Absalom was riding his mule and the mule passed under the thick branches of a great oak. Absalom’s head got caught in the oak and he was left hanging between heaven and
earth, while the mule he was riding went on.
– II SAMUEL 18:9
I make my way alone through the hand-to-hand fighting
to A3 and A5. Red velvet. Brass and oak.
The special effects will include strobe lighting
and artificial smoke.
A glance to A5. Patrons are reminded, mar bheadh,
that the management accepts no responsibility in the case of theft.
Even as the twenty-five-piece orchestra
that’s masked offstage left
strikes up, there’s still a chance, I suppose, that the gainsayers
might themselves be gainsaid
as you rush, breathless, into my field of vision.
Understudies and standbys never substitute for listed players,
however, unless a specific announcement is made.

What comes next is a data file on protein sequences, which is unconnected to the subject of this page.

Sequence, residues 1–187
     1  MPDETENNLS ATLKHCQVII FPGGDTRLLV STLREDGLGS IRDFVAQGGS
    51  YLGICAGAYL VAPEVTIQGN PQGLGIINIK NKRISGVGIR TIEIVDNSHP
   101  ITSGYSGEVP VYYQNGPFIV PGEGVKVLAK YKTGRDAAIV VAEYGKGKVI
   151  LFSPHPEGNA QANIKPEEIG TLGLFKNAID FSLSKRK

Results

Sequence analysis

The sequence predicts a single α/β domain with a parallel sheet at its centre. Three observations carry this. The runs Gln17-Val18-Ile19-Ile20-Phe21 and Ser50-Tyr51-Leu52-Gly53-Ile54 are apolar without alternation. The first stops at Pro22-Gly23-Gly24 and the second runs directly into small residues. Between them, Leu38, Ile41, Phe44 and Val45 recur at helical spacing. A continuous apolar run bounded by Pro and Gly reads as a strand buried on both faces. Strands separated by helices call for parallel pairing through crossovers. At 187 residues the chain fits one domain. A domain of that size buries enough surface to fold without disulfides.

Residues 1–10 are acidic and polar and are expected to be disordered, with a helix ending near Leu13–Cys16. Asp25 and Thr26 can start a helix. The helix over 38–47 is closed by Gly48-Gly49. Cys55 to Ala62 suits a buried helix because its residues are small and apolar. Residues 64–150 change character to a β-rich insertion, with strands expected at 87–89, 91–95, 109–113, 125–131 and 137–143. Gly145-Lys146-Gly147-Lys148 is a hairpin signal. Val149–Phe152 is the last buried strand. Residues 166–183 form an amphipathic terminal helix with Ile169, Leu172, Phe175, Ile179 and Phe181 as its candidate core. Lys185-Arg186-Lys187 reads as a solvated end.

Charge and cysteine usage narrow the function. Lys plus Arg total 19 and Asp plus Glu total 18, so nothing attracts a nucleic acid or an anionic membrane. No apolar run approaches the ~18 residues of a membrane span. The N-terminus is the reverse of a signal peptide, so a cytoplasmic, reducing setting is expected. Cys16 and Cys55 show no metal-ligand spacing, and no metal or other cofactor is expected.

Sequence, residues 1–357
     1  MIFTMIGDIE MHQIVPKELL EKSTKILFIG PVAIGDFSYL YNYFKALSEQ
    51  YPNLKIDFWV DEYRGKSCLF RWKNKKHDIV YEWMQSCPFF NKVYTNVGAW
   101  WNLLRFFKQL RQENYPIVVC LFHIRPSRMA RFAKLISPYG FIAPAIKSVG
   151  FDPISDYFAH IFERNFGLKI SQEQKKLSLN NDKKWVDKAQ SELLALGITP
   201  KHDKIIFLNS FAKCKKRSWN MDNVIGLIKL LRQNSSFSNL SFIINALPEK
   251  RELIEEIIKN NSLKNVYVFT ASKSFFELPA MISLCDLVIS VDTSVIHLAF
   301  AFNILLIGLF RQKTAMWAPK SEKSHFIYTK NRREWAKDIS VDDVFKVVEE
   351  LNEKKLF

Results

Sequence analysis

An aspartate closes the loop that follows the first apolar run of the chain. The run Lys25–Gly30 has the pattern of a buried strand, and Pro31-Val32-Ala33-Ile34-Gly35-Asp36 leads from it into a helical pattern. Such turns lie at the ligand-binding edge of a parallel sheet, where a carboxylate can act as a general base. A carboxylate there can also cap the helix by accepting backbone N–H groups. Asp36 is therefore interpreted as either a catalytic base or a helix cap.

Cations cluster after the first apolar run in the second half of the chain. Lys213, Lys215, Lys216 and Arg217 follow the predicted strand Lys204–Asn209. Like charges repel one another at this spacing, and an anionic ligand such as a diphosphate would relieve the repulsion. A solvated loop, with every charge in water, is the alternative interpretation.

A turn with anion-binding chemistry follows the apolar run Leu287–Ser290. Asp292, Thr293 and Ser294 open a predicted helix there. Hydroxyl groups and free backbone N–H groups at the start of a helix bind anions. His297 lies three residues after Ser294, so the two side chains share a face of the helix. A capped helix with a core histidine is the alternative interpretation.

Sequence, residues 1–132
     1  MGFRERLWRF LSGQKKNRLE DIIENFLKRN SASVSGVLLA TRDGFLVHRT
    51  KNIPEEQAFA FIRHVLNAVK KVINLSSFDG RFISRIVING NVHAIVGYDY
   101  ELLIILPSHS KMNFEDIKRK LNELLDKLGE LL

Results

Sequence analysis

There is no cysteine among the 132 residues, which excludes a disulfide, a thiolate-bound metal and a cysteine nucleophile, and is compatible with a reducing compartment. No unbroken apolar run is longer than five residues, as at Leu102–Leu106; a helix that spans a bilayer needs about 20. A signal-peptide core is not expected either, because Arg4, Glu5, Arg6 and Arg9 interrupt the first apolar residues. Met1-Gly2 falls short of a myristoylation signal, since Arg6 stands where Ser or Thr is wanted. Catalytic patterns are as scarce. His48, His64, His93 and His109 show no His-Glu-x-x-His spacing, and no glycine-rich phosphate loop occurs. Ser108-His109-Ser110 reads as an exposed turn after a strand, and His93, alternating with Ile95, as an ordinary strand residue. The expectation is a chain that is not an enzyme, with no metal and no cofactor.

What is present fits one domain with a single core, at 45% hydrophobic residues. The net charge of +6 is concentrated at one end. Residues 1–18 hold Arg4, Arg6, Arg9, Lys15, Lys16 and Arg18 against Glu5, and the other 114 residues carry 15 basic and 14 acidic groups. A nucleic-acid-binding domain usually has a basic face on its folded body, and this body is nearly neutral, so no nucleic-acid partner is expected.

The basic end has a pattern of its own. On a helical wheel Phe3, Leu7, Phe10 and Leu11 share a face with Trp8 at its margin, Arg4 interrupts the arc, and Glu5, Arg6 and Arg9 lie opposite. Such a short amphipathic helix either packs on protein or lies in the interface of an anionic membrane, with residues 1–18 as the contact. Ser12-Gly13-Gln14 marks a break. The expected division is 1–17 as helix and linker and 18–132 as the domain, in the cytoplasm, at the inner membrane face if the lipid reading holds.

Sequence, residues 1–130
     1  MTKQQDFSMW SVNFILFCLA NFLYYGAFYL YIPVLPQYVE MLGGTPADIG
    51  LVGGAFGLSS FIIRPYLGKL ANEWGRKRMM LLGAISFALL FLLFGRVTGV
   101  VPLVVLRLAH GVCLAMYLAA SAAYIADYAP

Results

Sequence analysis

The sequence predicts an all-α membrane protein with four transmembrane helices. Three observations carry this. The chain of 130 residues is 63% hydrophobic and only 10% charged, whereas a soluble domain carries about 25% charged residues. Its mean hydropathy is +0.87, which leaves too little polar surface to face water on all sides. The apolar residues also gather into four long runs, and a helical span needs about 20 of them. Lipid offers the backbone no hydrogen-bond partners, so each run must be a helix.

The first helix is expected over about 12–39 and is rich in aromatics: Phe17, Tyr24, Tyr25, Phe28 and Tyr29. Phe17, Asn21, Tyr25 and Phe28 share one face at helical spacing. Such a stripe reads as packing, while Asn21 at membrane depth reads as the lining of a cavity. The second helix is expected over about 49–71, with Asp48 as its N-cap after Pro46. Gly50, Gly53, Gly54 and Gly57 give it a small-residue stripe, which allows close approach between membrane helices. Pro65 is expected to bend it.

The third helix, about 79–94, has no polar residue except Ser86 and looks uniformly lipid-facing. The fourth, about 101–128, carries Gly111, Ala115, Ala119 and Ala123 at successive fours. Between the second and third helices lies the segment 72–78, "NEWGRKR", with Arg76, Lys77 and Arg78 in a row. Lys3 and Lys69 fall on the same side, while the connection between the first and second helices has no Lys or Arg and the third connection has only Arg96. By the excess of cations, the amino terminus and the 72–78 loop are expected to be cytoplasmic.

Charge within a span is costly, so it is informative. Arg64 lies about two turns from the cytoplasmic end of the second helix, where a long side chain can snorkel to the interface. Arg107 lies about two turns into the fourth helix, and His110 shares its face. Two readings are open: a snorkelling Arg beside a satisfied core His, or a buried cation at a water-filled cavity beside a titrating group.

There will be no intermission.
Notes on the PoemPaul Muldoon's poem "On" might leave you a bit bewildered, but also entertained and amused along the way. Perhaps that's the point and you won't mind one bit. Muldoon's use of the Biblical verse about Absalom is intriguing on several levels. How does this reference relate to the poem? Also, why is this reference excerpted the way it is? Also, why is this particular version used? This version indicates that Absalom's head got caught in the tree, while other versions suggest it was his hair, about which he was very proud. This version rather comically leaves Absalom suspended in the air, while other versions continue with him being captured and executed by his pursuers. With that to wonder about before we're even into the poem itself, what is the connection to the poem? The first mention of "hand-to-hand fighting" might be connected to the battle from which Absalom was fleeing. However, it soon becomes clear the poem isn't about a real battle, because this one has "special effects", "strobe lighting" and "artificial smoke." whether it's a real or staged battle, maybe the message is that we can't just run off the way Absalom tried to do. We're always the star of our own show: "Understudies and standbys never substitute for listed players." We're always on, just like the title of the poem.